conspiracy theory Mormon LDS Church

Conspiracy Theory Mormon Church Ruling America

Conspiracy Theory A conspiracy theory materializes when one observes the controlling practices of the Mormon Church, also known as the Church of Latter-Day Saints. This Conspiracy Theory is documented in the book "The Mormon Conspiracy" which shows how the Latter-Day Saints church (LDS) is organized to restrict individual freedoms, individual thought, independence and democracy. The book "The Mormon Conspiracy" reveals how the Mormon church leaders are involved in this conspiracy and how they conspire to control the United States government and eventually the world by establishing its "Kingdom of God" on earth. The words "Kingdom of God" are in quotes, because in reality this is not a Kingdom of God that the Mormon Church wishes to establish, but rather a Kingdom of the Mormon Church, led by fifteen men, the Presidency (three men) and the Quorum of Twelve apostles of the church. This conspiracy theory gains relevance when concerns are addressed about the Mormon church members . The Mormon church members are controlled by an authoritarian organization much like the Monarchy that prevailed in such European countries as France and England before the French Revolution and before a democracy was established in England. The Mormon church requires religious obedience from members and teaches them that individuals need not think for themselves concerning church doctrine as taught by the Church Authorities, a form of mind control. This is evident even in areas of non-church affairs, such as politics and economics where the church hierarchy expects members to follow its directions. One proof of this is the church’s involvement in defeating the Equal Rights Amendment in 1982 as well as numerous other church-led political activities. The conspiracy can further be recognized when one reads how the LDS has a disproportionate influence in such governmental departments as the FBI, the CIA, and the FCC (Federal Communications Commission).

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"The Mormon Conspiracy" reveals how the Mormon Church is gaining influence in Congress with the election of greater numbers of Mormon members. Church influence is obvious in the lobbying of congressional members to support Mormon programs and to vote for laws that further their goals. Church hierarchy involvement is apparent in all aspects of government, including the Supreme Court, as shown by the church’s filing of a legal brief with the court, opposing a New Jersey Supreme Court ruling that would prevent the National Boy Scout organization from excluding gays from Boy Scout groups.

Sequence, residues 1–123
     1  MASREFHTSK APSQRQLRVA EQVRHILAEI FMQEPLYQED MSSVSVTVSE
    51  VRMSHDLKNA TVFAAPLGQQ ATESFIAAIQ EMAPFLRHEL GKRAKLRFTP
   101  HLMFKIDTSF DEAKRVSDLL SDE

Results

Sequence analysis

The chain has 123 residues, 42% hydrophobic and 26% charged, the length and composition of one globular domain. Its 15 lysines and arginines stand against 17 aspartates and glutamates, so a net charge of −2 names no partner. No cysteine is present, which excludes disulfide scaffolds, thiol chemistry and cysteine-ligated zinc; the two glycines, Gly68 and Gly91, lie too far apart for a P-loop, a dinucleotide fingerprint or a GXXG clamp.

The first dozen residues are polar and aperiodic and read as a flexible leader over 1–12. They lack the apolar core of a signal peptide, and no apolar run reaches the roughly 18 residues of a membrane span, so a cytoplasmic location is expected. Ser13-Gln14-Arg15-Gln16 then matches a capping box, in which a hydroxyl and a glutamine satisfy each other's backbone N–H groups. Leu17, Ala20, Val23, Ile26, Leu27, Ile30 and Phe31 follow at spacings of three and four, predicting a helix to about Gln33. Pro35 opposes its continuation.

"The Mormon Conspiracy" also reveals how The Mormon Church leads Mormons to regard the President (or Prophet) of the church to be infallible, and they believe that he has direct communication with God, therefore can do no wrong or make a mistake. Members believe that Church Authorities (fourteen apostles in addition to the president of the church) are also infallible. Therefore, these fifteen Authorities have control of the Mormon Church. There is no democracy in the decision making of the church, since all appointments from the highest to the lowest offices in the church are made under the umbrella of the church president. The scholarly book The Mormon Conspiracy shows that if the Mormon Church were to gain control of the United States there would be no secret ballot election of congressional representatives, no secret ballot election of state legislators, or local governmental officials. All of these officials would be appointed by the President of the Mormon Church, with assistance from other church officials.

It is ironic that the Mormon Church that plans to control the United States and world governments is based upon false premises such as the "Book of Mormon."

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Conspiracy Theory